Secrets From Science to Make Thanksgiving (and Every Meal) Better
Journalist Nell McShane Wulfhart, author of the Audible Original 'Off Menu,' shares little-known facts about food and dining that can improve your meal.
This is the time of year we start browsing recipe websites, looking for new pie ideas and deciding whether or not brining the turkey is worth it. Potatoes: mashed or roasted? Brussels sprouts: yay or nay? Many of us will spend hours trying to get our menu just right. Even though Thanksgiving will likely look a little different this year, we still want our meal to be special. While writing my Audible Original, Off Menu, I discovered a totally new way to make your Thanksgiving dinner (or any meal) taste incredible, without the need for new recipes, better ingredients, or even changing the food at all! In the past few years, scientists have found that tweaking our senses through small environmental changes can affect how our food and drink taste. These things can add or enhance flavor, make bad food more delicious, or even convince your taste buds you’re eating something sweeter than you are. Here are some of the easiest tweaks you can make to instantly upgrade your meal—and none involves learning how to use a blow torch.
Setting the Table
Here’s a surprise: recent studies have shown that everything from the weight of the fork in your hand to the shape of your plate can have an effect on how your food tastes. One big factor is color, which can help highlight things you want to emphasize. Want to add sweetness without calories? A white dish is your best friend; we think things taste sweeter when they come on a white plate. Forgot to add salt? A blue plate will make the food taste saltier. Trying to avoid that "why did I eat so much?" feeling that comes right after a big Thanksgiving feast? Try serving the meal on red plates, which have been shown to trick our brains into eating less.
If you simply want to impress your guests with the quality of your cooking, there’s no need to learn how to sous vide, or julienne vegetables until midnight. Just swap out your table setting. Scientists have tested the weight of bowls and silverware to see if it impacted what people thought of the food. It turns out that the heavier the bowl, the more they enjoyed the meal. And swapping out your everyday cutlery for a heavier set will automatically make the food more delicious.
One last thing when it comes to setting the table for enhanced eating: pay attention to the shape of your stuff. As a general rule, round plates make things taste sweeter than square plates. If your apple pie didn’t come out of the oven perfectly, or if your carrot cake ended up a little smaller than expected, serve it on round plates so diners will find it sweeter, and perhaps even eat less of it.
Perfecting the Playlist
Another great way to enhance the flavors of your food is through music. There’s a ton of science behind the idea that what you’re hearing influences what you’re tasting. Here are the basic rules for pairing your music with your meal. If you want to bring out the sweetness in a dish, try a high-pitched album: Mariah Carey, Kate Bush, or Whitney Houston, or anything in a C major scale. If you want to bring out the bitterness of an IPA, a radicchio salad, or an espresso, try Wynton Marsalis or Nick Cave, or something with minor strings. Want to emphasize the umami-ness of your roasted tomatoes or sautéed mushrooms? Something low-pitched, like Miles Davis, will help.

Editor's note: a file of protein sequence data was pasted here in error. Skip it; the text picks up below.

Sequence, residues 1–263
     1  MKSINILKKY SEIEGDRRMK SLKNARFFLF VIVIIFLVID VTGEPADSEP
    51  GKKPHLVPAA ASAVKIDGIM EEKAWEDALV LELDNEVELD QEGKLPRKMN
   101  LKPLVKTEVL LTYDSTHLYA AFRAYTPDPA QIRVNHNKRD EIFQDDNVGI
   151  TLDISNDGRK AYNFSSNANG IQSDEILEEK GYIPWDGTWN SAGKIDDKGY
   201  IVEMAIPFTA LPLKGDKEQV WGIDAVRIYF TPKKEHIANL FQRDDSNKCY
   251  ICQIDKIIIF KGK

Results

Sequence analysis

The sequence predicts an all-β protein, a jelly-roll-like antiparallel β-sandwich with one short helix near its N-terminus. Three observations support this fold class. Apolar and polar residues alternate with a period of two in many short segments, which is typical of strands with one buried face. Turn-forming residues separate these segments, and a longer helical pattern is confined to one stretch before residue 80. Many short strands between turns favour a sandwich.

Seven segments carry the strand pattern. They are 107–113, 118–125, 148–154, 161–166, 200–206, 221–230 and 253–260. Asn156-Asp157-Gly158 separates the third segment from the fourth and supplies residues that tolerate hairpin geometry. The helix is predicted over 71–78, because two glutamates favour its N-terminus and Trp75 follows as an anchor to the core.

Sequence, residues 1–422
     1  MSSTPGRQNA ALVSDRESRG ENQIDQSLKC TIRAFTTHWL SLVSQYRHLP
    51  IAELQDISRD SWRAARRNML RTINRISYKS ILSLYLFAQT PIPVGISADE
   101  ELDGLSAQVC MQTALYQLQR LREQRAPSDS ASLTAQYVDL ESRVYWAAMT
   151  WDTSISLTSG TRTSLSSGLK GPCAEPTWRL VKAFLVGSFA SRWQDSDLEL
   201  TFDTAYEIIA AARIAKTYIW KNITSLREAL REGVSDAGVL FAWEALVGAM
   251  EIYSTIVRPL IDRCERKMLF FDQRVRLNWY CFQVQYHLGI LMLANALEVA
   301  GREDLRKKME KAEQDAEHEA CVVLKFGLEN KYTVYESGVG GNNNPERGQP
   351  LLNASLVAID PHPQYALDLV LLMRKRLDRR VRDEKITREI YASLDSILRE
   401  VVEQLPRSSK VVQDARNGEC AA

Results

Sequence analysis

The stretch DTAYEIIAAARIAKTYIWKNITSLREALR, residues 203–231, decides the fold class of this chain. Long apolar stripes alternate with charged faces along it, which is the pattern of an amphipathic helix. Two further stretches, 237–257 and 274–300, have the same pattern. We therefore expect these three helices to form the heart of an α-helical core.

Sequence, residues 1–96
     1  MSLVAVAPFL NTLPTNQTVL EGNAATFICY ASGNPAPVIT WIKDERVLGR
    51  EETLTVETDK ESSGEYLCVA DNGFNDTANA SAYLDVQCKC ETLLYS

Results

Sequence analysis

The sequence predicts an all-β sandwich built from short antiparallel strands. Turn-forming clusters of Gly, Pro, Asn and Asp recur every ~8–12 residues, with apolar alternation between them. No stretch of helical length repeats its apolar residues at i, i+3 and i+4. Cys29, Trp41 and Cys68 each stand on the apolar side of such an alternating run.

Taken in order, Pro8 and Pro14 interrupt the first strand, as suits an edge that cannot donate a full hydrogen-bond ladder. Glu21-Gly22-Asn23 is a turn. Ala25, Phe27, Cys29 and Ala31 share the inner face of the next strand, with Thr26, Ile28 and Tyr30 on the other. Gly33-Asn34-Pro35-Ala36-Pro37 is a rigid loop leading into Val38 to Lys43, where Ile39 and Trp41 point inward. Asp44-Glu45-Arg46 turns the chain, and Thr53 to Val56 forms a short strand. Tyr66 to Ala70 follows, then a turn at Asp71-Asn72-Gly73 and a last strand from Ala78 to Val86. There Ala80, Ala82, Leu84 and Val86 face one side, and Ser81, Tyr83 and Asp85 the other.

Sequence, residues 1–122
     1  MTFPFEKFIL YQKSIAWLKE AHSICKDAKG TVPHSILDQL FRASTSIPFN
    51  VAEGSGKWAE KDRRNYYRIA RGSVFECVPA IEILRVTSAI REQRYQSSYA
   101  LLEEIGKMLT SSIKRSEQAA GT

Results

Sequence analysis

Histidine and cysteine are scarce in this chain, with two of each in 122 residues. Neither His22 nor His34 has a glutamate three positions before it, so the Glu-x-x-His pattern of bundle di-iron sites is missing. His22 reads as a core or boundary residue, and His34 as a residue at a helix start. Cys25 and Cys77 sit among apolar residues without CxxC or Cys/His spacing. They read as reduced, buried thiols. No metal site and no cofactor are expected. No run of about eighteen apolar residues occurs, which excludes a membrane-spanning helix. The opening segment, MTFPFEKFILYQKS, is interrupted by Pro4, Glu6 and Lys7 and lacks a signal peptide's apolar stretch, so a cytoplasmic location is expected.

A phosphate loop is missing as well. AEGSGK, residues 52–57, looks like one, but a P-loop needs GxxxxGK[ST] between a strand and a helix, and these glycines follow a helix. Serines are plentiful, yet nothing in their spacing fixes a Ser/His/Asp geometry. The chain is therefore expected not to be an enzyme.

You can even change how quickly your guests are eating by adjusting the tempo of the music. Studies have shown that people tend to eat more quickly to up-tempo music, so if you’re eager to move them on to the next course (or you want them to go home so you can put your feet up), try switching your playlist to fast-paced tunes.
One last thing: Pay attention to the volume of the music. If it’s too loud, it can make it hard to taste the food! On the other hand, if your meal turned out terribly, turn that volume to the max and your guests won’t even notice.
Finally, add a frisson of flavor to your meal with these super-easy tips.
Tie a bunch of herbs to a serving spoon to add aromas that enhance flavor. One idea: a few sprigs of fresh rosemary on the handle of the spoon you use to serve mashed potatoes adds a fab smell component that complements the potatoes perfectly.
If you’re opening wine, do it in front of your guests, not in the kitchen. The sound of the cork coming out of the bottle has been shown to prep their palates for enjoyment before they’ve even had their first sip.
When you’re garnishing your food with herbs or spices, do those final touches at the table. Something as simple as tearing up a handful of basil or grinding black pepper means that diners are getting freshness cues—through sight, sound, and smell—and that means they’ll find the food more delicious.
Make more food than you think you'll need! Studies show that we eat up to 33% more when we’re eating with someone else rather than alone, and that number goes up the more people you add to the table.
You’ll find lots more tips like this in Off Menu, which is designed to help even the least talented of chefs (like myself!) produce a meal that’s delicious—without having to spend hours in the kitchen.